If there is one genre of movies that I have a complicated relationship with, it’s films driven by pranks. Very few manage to weave in a coherent narrative within the movie’s structure without being solely driven by only jokes. There are a few films in this “hidden camera” genre that do this very well and work on their own as movies, like “Borat” or “Bad Grandpa.” However, the rest in this genre, like the “Jackass” movies, tend to be entertaining at the moment but leave no real impact. “Bad Trip,” a film that I kind of enjoyed and laughed a lot during, is one of those movies.
I was excited for “Bad Trip” for one reason: Eric Andre. I think that Eric Andre’s brand of absurd humor and his experience with this type of comedy would lend themselves perfectly to this film style. I also think his sense and style of comedy is a bit more intelligent in its execution than someone’s like Johnny Knoxville in “Jackass.” I thought that Andre would be the one to weave in the presence of a narrative as one of the writers on this film while also delivering hilarious gags.
Andre delivers on one of these fronts by implementing hilarious scenarios for himself, Lil Rel Howery and Tiffany Haddish, to partake in. The movie is relentless in its humor that it is almost exhausting. There aren’t any breaks in big setpieces to allow the viewer to relax. I had to take a break about halfway through the movie to breathe for a moment because of how fast and without stop these moments come. Two outstanding moments take place in bars or restaurants that push the limits of this genre. It allowed for real interaction with the film’s characters by those who are regular bystanders. These people weren’t just reacting to absurdity; they took part in it, which I thought was very cool.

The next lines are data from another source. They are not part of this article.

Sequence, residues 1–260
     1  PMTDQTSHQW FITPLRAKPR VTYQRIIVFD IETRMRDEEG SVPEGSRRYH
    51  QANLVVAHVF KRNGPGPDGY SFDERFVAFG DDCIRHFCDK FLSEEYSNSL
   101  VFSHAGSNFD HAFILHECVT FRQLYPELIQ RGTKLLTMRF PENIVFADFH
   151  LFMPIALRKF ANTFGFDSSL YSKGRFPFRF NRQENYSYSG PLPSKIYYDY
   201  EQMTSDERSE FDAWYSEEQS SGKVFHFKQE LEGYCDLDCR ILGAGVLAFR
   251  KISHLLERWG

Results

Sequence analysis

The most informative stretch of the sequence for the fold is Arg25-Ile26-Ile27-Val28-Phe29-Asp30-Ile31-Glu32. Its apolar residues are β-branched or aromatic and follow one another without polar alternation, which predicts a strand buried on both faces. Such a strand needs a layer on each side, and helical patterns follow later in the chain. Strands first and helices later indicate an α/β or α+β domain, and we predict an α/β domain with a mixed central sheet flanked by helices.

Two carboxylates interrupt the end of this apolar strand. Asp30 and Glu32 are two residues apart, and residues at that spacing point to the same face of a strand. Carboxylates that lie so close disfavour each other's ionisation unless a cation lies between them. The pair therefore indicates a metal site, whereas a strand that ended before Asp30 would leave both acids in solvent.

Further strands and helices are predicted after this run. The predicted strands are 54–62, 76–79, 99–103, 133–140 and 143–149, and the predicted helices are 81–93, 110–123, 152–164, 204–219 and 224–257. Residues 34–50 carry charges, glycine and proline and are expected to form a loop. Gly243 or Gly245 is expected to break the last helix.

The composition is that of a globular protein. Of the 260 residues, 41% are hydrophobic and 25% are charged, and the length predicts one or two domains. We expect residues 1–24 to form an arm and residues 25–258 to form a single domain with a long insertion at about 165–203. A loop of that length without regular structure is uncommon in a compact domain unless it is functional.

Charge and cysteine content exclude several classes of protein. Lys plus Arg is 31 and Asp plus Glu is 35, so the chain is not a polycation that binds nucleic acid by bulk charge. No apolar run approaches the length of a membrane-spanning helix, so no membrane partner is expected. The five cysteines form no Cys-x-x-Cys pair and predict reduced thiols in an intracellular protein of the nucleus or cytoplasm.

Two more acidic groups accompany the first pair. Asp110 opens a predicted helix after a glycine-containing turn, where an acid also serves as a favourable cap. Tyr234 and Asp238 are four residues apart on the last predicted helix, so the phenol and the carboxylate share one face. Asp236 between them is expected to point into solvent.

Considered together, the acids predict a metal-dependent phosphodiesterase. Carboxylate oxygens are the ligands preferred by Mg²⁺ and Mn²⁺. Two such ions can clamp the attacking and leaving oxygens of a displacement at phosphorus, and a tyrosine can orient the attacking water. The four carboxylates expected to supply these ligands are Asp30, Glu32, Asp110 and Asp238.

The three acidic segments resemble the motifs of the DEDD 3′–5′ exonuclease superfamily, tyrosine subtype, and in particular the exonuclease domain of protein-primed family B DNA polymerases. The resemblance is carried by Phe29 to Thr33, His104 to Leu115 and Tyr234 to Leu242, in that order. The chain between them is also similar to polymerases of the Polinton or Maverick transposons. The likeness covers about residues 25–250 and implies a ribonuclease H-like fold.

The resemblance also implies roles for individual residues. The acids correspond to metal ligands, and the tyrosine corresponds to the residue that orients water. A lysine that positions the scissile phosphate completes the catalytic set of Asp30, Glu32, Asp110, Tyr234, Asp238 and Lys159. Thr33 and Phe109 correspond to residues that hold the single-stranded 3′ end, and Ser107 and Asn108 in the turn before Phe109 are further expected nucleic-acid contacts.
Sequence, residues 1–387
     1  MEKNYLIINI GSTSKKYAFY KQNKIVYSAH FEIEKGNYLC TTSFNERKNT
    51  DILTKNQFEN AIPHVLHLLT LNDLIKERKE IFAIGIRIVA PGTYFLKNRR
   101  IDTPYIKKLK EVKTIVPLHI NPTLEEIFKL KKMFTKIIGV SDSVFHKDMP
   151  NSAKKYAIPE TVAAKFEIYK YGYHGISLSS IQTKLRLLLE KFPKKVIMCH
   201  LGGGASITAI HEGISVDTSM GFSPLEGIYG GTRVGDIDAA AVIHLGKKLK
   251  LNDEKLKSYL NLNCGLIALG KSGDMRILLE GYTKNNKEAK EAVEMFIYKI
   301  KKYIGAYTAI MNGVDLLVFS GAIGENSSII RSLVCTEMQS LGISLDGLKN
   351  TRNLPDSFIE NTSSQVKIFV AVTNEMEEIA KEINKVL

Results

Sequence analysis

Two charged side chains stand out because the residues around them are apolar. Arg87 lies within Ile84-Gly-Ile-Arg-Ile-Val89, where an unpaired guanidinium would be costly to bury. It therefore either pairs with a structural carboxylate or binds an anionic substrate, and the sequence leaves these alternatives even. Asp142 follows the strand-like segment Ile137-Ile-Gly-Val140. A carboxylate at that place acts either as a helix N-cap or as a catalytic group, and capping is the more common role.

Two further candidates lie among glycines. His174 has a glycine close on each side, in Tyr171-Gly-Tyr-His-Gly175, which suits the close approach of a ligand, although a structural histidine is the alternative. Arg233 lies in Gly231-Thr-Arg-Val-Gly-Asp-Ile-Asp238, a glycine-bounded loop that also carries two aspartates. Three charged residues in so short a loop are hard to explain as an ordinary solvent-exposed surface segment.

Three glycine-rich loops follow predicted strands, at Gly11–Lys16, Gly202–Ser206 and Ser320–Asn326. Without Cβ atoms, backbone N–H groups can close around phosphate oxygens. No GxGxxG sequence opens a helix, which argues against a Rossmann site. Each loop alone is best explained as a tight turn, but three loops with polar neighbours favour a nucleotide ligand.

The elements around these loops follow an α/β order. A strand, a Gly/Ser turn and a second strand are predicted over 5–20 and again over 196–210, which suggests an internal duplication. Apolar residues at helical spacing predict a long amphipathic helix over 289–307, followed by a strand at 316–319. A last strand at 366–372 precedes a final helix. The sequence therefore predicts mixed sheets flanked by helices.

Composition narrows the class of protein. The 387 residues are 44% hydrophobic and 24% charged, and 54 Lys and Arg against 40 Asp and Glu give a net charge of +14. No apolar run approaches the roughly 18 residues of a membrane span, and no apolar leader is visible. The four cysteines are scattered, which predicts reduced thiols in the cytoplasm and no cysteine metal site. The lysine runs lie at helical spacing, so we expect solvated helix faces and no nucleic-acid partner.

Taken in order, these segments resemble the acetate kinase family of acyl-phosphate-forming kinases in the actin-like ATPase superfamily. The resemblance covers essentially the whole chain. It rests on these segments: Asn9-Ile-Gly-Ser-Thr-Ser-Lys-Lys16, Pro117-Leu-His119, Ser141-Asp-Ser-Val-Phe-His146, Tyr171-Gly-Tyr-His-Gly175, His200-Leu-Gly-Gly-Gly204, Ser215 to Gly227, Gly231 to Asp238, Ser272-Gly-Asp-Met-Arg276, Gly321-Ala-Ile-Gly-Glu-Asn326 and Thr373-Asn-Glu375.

However, the half-baked attempt at a narrative is what dragged “Bad Trip” down for me. It blends road trip elements from other movies with the hidden camera style but makes the film less interesting. The story feels like an afterthought, but I really think it could have gone to different, more interesting or absurd places than where it went.
It revolves around Eric Andre’s character, Chris, who travels to New York from Florida to meet his high school crush, Lil Rel Howery’s character, Bud. Meanwhile, Bud’s sister, Trina (Tiffany Haddish), chases them to get her car back. It is such a simple story that it doesn’t feel natural next to all the absurd dialogue that happens in actual hidden camera material. I think a story that steered into the absurdity of their actions would have served the movie much better in the long run.
I couldn’t help but be reminded of “Bad Grandpa” when “Bad Trip” introduced its road trip storyline. As silly as “Bad Grandpa” is, it actually takes a surprising amount of time to introduce its characters. That story follows a grandpa and his grandson traveling cross country to deliver the boy to his father. The grandpa starts the movie not liking his grandson but slowly learns to love and appreciate him. This is a simple story too, but at least there is a clear effort put in to have an arc for its main character. “Bad Trip” lacks this dedication to its characters and definitely could have done better in this regard.
“Bad Trip” is definitely a mixed bag. I laughed a lot while watching it, but it wasn’t so fun that I would watch it again with friends. Its first half is really strong, but its ending falters since it tries to wrap up story moments that are poorly set up throughout the film. Maybe give it a shot if you’re looking for something to watch, but definitely don’t drop everything to watch it.